How should I manage personal and carer’s leave requests as an employer?
Where an employee has gotten in touch with you to request taking personal or carer’s leave, the business should be as accommodating as possible. Keep in mind the nature of this type of leave is that it is almost always unexpected, so it is difficult to enforce an ‘application’ process that requires significant notice. Often the standard expected is for the employee to notify as soon as possible, and before their shift start time – although you can set more detailed parameters around this in a workplace policy.
As mentioned, employers can request reasonable evidence to support the employee’s request, such as a medical certificate or statutory declaration. If you intend to request your employees to provide such evidence, this should be made clear as soon as the request has been made to allow ample time for this to be provided. A workplace policy can set out your expectations regarding this, eg that a medical certificate will always be required after a certain number of days’ absence (or at any other time requested by the employer). An employee that fails to reasonably provide evidence to support their request for paid sick leave will not be entitled to take this time as part of their accrued paid leave, and the absence from work may be unpaid or potentially have disciplinary consequences.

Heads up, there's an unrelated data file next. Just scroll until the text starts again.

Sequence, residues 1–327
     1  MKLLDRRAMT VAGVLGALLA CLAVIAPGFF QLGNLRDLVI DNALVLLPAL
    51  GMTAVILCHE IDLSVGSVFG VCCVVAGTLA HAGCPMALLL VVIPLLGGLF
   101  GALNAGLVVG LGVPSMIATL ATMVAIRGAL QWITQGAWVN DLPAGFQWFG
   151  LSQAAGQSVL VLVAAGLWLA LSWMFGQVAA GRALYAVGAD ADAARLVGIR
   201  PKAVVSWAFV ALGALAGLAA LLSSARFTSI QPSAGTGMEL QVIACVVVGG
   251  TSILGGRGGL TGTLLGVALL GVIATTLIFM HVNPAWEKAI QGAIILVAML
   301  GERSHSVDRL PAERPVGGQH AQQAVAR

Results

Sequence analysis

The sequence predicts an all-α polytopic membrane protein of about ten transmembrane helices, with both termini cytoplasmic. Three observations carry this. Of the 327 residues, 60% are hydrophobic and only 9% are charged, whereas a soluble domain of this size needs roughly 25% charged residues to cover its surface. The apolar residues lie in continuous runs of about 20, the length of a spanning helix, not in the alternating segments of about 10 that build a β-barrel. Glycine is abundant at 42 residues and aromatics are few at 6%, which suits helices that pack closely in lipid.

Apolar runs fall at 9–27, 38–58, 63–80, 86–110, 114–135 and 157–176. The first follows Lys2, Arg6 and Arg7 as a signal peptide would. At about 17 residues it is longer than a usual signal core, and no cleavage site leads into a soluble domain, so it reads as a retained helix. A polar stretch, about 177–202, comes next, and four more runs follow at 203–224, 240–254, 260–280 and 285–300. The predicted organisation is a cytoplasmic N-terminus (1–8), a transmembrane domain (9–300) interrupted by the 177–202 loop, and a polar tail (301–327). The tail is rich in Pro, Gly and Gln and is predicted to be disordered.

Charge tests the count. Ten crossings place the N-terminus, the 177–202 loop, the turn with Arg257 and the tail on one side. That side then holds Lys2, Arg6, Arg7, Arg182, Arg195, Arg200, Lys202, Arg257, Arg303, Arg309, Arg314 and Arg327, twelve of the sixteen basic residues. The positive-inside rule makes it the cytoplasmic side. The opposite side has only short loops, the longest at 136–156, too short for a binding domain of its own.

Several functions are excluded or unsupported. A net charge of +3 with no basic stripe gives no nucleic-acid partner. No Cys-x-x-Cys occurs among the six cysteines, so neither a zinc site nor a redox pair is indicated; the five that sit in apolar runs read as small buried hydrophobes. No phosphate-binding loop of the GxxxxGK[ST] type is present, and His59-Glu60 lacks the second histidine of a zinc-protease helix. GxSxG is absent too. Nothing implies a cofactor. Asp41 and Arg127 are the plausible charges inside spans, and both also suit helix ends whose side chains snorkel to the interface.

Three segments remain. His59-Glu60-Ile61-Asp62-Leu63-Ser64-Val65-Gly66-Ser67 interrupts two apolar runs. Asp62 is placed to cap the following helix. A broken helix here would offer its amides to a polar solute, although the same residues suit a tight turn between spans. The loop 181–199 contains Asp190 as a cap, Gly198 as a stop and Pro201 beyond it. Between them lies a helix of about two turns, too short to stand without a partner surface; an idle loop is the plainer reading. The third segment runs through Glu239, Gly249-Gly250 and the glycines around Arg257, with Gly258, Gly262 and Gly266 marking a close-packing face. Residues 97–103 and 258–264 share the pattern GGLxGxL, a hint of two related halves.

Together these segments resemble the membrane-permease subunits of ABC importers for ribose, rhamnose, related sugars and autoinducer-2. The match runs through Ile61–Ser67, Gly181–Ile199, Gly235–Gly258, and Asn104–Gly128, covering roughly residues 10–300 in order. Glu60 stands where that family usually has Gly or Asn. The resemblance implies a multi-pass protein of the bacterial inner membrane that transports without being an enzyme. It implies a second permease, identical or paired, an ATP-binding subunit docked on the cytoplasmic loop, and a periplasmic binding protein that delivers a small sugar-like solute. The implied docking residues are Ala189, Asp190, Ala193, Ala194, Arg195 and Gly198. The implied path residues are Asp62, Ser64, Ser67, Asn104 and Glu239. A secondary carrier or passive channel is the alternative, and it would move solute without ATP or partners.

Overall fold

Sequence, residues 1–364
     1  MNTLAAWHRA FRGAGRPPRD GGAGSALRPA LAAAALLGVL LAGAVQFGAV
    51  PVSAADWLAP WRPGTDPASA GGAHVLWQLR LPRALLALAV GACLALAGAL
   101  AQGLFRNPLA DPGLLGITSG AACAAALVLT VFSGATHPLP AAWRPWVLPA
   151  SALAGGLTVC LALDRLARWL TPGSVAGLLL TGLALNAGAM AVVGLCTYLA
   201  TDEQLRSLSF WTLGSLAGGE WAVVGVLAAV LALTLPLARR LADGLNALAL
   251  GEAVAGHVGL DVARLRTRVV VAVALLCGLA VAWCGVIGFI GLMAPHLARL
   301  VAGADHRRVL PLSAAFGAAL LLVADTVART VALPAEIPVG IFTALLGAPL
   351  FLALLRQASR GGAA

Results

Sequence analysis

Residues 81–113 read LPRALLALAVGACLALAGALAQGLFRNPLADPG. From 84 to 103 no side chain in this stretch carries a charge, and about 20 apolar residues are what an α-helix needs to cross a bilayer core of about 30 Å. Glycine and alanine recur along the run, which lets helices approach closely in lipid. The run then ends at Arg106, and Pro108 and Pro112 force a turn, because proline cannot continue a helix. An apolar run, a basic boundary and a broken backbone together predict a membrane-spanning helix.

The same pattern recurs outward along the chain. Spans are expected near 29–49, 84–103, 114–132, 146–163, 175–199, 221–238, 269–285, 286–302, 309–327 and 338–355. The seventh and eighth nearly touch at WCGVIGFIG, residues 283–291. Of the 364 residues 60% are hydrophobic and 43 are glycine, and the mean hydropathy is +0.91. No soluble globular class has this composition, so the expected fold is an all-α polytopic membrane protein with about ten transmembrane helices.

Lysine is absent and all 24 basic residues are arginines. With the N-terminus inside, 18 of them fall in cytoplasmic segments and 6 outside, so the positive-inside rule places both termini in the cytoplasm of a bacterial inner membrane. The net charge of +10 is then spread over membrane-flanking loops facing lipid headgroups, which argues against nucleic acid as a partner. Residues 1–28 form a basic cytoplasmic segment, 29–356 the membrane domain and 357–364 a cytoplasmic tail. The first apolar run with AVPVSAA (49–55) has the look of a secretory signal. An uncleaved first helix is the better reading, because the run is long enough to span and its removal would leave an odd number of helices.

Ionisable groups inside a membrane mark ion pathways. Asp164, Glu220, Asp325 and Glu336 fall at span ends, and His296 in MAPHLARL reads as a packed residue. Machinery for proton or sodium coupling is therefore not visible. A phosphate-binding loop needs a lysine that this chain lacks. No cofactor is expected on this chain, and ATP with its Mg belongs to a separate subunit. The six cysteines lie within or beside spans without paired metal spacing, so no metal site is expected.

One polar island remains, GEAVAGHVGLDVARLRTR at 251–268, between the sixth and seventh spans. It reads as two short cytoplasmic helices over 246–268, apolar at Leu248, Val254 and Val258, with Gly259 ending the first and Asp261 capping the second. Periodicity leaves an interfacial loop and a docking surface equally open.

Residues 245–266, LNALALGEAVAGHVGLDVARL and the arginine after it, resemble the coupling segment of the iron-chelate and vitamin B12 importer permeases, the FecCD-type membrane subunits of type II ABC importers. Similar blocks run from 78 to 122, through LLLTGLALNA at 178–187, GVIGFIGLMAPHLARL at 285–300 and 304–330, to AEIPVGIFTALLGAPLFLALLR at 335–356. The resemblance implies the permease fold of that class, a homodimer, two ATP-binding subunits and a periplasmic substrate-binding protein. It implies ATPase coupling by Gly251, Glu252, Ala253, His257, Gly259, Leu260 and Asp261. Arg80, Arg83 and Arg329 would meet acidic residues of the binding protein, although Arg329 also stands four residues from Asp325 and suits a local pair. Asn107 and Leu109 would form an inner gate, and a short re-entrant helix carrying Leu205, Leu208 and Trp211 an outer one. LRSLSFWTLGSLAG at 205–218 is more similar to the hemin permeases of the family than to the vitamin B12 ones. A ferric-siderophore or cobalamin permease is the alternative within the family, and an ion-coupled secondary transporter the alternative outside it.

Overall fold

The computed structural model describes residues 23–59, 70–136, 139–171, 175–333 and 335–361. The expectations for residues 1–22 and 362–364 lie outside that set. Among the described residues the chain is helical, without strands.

Keep in mind that an employee cannot be terminated for taking too much personal and carer’s leave. Any termination would need to be based on them not being able to perform the inherent requirements of their job (eg they are permanently impaired due to an illness or injury). If you have concerns about an employee’s use of personal and carer’s, please get in touch with us to seek further guidance on managing long-term absences from work.
Have further questions?
If you need guidance on managing personal and carer’s leave in your business or require assistance with a dedicated leave policy, please reach out to the HR Connect team today.
The information provided in these blog articles is general in nature and is not intended to substitute for professional advice. If you are unsure about how this information applies to your specific situation we recommend you contact HR Connect for advice.